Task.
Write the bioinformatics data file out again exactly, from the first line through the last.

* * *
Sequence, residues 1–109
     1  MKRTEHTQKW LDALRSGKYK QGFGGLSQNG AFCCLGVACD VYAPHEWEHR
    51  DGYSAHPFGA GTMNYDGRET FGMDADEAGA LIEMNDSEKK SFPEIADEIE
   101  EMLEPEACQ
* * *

Sequence, residues 1–109
     1  MKRTEHTQKW LDALRSGKYK QGFGGLSQNG AFCCLGVACD VYAPHEWEHR
    51  DGYSAHPFGA GTMNYDGRET FGMDADEAGA LIEMNDSEKK SFPEIADEIE
   101  EMLEPEACQ